The summer concert series at Williamsburg’s East River State Park is loud. It attracts large crowds, and some of them leave behind litter. Some nearby residents are forced to take vacations over these weekends, the Brooklyn Paper reports.
“The entire area is just devastated,” a member of the local community board told the paper. “If you can’t get out of the neighborhood, your weekend is ruined. There are so many people, you can’t walk through the streets.”
Community Board 1, which covers North Brooklyn, wants the series to quiet down and clean up. The board seems on a mad crusade of late, going so far as to suggest a moratorium on new liquor licenses in the neighborhood, arguing that there are enough bars, thank you. (Noise concerns have been problematizing attempts to have fun across Brooklyn, in Greenpoint, Park Slope and Coney Island.)
Though this East River State Park controversy may be overblown. Based on an interview with the head organizer, the Paper reports that “there are already scores of police officers on surrounding streets to maintain order during and after concerts, and the stage has already been moved to reduce ambient noise—even though she hasn’t received many complaints.”
So what’s the problem? A quote toward the bottom of the article suggests, as always, it’s the olds.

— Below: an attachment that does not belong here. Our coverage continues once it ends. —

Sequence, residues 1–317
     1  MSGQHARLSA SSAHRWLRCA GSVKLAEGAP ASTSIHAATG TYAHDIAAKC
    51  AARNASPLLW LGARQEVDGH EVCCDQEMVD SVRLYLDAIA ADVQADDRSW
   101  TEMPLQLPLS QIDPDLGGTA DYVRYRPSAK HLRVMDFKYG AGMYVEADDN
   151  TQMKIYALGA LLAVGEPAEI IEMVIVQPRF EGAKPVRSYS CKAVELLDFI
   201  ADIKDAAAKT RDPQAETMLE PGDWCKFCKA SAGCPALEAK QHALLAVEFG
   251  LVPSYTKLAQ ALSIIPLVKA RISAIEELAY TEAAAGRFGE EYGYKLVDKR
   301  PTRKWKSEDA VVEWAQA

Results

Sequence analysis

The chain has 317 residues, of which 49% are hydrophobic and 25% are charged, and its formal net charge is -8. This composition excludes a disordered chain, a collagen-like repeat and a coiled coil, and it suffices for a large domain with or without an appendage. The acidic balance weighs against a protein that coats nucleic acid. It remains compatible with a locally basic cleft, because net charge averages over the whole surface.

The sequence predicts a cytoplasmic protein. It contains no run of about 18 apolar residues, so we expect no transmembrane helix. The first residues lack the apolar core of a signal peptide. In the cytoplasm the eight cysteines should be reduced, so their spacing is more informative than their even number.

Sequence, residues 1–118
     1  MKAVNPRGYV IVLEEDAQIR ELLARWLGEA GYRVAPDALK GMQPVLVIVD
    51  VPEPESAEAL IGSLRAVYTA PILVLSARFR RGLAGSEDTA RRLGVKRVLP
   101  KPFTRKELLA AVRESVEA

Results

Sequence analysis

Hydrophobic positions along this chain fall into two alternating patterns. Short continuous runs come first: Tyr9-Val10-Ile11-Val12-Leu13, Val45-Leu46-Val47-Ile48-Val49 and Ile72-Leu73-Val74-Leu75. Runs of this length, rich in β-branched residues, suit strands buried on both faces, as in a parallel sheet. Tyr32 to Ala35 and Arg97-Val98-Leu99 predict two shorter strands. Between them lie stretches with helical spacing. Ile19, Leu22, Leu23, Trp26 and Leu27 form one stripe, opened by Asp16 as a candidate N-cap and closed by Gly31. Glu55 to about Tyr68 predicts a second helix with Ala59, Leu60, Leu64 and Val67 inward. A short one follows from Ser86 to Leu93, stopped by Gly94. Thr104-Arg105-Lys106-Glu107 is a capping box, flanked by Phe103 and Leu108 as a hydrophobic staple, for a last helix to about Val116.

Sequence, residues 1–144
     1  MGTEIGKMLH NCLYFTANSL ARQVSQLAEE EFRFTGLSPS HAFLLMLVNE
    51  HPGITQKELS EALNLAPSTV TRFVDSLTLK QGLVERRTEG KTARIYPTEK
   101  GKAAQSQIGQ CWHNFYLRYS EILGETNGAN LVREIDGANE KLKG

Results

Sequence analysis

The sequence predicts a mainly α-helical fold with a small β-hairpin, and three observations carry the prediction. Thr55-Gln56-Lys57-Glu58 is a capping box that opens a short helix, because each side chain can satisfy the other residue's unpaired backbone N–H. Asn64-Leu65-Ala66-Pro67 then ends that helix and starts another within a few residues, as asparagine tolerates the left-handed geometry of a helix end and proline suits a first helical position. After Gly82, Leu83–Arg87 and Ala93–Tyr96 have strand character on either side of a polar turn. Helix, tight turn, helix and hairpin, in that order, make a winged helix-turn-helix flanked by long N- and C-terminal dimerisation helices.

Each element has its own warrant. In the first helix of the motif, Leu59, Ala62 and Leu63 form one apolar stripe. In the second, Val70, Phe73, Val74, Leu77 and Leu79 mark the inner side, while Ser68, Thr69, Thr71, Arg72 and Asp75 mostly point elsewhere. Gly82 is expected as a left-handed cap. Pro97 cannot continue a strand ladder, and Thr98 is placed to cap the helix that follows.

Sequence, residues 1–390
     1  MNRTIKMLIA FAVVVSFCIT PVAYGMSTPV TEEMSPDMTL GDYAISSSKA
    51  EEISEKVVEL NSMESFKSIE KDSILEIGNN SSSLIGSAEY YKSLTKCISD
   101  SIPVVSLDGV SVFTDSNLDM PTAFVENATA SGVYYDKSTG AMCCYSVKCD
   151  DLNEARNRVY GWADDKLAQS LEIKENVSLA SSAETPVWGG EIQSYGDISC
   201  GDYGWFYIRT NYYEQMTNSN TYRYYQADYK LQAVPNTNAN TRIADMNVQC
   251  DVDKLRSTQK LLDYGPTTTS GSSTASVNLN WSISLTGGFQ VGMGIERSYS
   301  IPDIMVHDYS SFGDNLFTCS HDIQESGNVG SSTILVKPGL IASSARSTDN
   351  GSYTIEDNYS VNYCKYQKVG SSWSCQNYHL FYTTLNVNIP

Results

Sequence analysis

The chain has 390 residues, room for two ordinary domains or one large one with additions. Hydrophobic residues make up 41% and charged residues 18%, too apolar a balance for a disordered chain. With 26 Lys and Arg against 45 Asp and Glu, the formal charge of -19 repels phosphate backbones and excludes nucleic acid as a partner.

“When they leave, they leave bottles, cans, condoms, and they urinate on our trees,” a N. 8th Street resident told the Paper. “It’s impossible for senior citizens to sit in front of the back yard and enjoy the day.” (Conversely, doesn’t it seem to be impossible to enjoy anything because of senior citizens complaining?)
But the youngs are also upset. “We live on the street that leads directly to the entrance of the park,” one L editor tells me, “and every day there’s a waterfront show it’s a non-stop parade of people going to the park, and in the evening a loud, drunk, noisy mass going back to the Bedford L. I try to spend those days in a different neighborhood.”
I used to live on N. 7th St and Bedford. If you’re going to live in the immediate vicinity of the Bedford L, you’re forced to put up with the noise. Period.
“We live on the street that leads directly to the entrance of the park,” one L editor tells me, “and every day there’s a waterfront show it’s a non-stop parade of people going to the park, and in the evening a loud, drunk, noisy mass going back to the Bedford L. I try to spend those days in a different neighborhood.”
Not a big deal. Suck it up or move.